bag


From The Collaborative International Dictionary of English v.0.48:

Receptacle \Re*cep"ta*cle\ (r[-e]*s[e^]p"t[.a]*k'l), n. [F.
   r['e]ceptacle, L. receptaculum, fr. receptare, v. intens. fr.
   recipere to receive. See Receive.]
   1. That which serves, or is used, for receiving and
      containing something, as for examople, a basket, a
      vase, a bag, a reservoir; a repository.
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            O sacred receptacle of my joys!       --Shak.
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   2. (Bot.)
      (a) The apex of the flower stalk, from which the organs of
          the flower grow, or into which they are inserted. See
          Illust. of Flower, and Ovary.
      (b) The dilated apex of a pedicel which serves as a common
          support to a head of flowers.
      (c) An intercellular cavity containing oil or resin or
          other matters.
      (d) A special branch which bears the fructification in
          many cryptogamous plants.
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.

From The Collaborative International Dictionary of English v.0.48:

Udder \Ud"der\, n. [OE. uddir, AS. [=u]der; akin to D. uijer, G.
   euter, OHG. [=u]tar, [=u]tiro, Icel. j[=u]gr, Sw. jufver,
   jur, Dan. yver, L. uber, Gr. o"y^qar, Skr. [=u]dhar.
   [root]216. Cf. Exuberant.]
   1. (Anat.) The glandular organ in which milk is secreted and
      stored; -- popularly called the bag in cows and other
      quadrupeds. See Mamma.
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            A lioness, with udders all drawn dry. --Shak.
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   2. One of the breasts of a woman. [R.]
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            Yon Juno of majestic size,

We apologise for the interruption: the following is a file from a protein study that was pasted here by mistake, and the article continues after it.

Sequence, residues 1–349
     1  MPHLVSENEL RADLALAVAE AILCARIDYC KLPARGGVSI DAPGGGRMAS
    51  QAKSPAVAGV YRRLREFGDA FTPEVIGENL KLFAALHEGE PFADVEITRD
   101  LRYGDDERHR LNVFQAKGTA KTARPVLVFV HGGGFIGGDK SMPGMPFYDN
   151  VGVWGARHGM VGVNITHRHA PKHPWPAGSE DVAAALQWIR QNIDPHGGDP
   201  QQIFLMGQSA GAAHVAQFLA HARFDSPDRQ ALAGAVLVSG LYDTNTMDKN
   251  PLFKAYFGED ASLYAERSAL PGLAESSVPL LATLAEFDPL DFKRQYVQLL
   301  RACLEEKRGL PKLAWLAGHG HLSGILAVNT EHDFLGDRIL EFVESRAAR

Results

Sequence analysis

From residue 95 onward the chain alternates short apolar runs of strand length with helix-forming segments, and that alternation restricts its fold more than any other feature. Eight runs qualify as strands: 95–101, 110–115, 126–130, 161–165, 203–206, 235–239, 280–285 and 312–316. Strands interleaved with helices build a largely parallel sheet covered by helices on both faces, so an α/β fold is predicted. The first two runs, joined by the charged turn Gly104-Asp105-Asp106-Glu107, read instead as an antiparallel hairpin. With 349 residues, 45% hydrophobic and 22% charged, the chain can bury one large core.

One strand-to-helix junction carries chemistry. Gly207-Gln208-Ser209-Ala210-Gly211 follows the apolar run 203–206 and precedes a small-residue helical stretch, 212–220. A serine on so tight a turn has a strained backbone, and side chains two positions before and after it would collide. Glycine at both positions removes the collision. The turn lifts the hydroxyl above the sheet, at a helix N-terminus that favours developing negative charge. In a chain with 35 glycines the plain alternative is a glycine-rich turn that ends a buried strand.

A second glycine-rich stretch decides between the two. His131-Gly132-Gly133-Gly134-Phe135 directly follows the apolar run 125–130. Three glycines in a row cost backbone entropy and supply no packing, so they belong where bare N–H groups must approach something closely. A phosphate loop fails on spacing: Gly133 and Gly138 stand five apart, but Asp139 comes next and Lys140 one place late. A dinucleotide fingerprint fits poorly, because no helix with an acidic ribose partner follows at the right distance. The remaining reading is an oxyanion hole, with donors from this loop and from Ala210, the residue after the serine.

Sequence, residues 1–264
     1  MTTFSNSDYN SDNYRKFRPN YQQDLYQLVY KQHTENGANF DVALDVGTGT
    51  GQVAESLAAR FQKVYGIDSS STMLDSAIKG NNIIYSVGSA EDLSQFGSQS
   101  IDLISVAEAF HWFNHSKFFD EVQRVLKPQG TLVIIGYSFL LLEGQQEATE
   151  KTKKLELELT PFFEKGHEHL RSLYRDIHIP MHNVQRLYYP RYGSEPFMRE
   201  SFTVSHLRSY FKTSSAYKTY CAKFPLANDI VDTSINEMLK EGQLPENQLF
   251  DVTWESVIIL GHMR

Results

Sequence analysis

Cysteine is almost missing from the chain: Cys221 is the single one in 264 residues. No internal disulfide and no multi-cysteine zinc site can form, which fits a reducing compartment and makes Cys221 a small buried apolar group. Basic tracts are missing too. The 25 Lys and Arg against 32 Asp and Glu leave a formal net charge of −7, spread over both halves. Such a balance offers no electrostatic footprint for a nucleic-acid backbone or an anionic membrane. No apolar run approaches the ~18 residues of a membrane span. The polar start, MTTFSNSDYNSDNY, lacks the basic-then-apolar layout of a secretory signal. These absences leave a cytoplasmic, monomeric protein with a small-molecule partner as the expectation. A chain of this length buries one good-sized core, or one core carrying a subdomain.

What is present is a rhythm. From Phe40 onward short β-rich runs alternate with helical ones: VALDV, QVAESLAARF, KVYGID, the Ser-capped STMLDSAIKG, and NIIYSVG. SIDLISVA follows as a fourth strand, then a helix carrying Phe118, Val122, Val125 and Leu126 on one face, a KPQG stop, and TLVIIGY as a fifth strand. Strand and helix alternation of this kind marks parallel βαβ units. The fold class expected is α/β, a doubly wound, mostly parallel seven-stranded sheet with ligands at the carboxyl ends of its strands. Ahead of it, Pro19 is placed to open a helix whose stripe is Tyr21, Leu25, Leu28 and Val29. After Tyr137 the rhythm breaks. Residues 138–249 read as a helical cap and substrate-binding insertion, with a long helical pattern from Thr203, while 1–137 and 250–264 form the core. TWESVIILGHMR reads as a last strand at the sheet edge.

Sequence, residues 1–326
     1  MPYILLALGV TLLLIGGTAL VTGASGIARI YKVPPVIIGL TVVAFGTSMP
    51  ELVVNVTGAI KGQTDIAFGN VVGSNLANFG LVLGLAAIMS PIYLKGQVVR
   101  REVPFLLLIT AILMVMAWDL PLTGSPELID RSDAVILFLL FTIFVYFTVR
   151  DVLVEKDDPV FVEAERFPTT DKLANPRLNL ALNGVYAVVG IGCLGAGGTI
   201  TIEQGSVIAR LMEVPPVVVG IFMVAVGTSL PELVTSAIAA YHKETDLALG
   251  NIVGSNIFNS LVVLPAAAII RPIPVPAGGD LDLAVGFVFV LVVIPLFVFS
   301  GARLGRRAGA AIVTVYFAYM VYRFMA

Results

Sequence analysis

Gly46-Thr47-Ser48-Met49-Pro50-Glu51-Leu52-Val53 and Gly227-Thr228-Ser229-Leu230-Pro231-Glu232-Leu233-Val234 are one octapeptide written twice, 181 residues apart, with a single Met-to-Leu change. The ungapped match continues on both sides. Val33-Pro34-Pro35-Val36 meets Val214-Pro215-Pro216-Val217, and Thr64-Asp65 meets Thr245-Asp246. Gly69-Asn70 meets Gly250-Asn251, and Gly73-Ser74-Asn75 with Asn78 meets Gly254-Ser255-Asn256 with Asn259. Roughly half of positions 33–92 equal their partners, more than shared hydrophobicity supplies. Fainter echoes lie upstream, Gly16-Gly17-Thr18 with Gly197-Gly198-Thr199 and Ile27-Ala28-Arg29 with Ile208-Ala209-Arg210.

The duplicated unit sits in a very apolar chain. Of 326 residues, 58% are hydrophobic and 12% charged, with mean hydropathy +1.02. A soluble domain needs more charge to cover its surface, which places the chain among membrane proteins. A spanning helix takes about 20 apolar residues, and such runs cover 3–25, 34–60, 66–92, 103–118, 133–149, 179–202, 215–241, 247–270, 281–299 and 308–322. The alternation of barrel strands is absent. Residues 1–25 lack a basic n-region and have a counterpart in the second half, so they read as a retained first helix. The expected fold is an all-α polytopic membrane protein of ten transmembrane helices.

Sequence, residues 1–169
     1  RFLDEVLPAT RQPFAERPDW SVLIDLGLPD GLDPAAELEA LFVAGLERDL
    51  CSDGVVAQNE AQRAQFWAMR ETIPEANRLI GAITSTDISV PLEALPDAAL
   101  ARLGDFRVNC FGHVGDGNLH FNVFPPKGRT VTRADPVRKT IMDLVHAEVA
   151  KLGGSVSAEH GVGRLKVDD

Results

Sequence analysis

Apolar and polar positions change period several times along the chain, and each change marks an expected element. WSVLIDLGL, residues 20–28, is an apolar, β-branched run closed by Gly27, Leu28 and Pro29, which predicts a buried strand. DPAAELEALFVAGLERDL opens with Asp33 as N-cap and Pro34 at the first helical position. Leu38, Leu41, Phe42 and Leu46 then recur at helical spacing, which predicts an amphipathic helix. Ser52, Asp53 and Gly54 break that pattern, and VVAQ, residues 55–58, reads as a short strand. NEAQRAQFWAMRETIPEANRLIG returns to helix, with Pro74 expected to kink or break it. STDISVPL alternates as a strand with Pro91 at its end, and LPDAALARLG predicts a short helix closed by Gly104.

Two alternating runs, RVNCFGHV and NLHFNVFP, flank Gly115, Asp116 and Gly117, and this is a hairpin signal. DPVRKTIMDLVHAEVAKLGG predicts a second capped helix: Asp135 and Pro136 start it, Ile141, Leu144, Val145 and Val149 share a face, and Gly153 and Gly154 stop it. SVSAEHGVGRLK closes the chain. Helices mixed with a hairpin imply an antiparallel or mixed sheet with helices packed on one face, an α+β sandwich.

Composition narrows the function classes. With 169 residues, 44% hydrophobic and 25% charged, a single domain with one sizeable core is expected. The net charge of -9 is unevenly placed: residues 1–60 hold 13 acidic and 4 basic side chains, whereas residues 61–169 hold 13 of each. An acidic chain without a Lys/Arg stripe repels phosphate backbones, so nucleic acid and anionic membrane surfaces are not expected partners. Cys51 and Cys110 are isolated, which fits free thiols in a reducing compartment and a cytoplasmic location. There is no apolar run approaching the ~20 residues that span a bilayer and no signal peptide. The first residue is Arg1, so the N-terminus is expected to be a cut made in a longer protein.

With cowlike udders, and with oxlike eyes. --Pope.
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From The Collaborative International Dictionary of English v.0.48:

Bag \Bag\ (b[a^]g), n. [OE. bagge; cf. Icel. baggi, and also OF.
   bague, bundle, LL. baga.]
   1. A sack or pouch, used for holding anything; as, a bag of
      meal or of money.
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   2. A sac, or dependent gland, in animal bodies, containing
      some fluid or other substance; as, the bag of poison in
      the mouth of some serpents; the bag of a cow.
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   3. A sort of silken purse formerly tied about men's hair
      behind, by way of ornament. [Obs.]
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   4. The quantity of game bagged.
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   5. (Com.) A certain quantity of a commodity, such as it is
      customary to carry to market in a sack; as, a bag of
      pepper or hops; a bag of coffee.
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   Bag and baggage, all that belongs to one.

   To give one the bag, to disappoint him. [Obs.] --Bunyan.
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From The Collaborative International Dictionary of English v.0.48:

Bag \Bag\, v. t. [imp. & p. p. Bagged (b[a^]gd); p. pr. & vb.
   n. Bagging]
   1. To put into a bag; as, to bag hops.
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   2. To seize, capture, or entrap; as, to bag an army; to bag
      game.
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   3. To furnish or load with a bag or with a well filled bag.
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            A bee bagged with his honeyed venom.  --Dryden.
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From The Collaborative International Dictionary of English v.0.48:

Bag \Bag\, v. i.
   1. To swell or hang down like a full bag; as, the skin bags
      from containing morbid matter.
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   2. To swell with arrogance. [Obs.] --Chaucer.
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   3. To become pregnant. [Obs.] --Warner. (Alb. Eng.).
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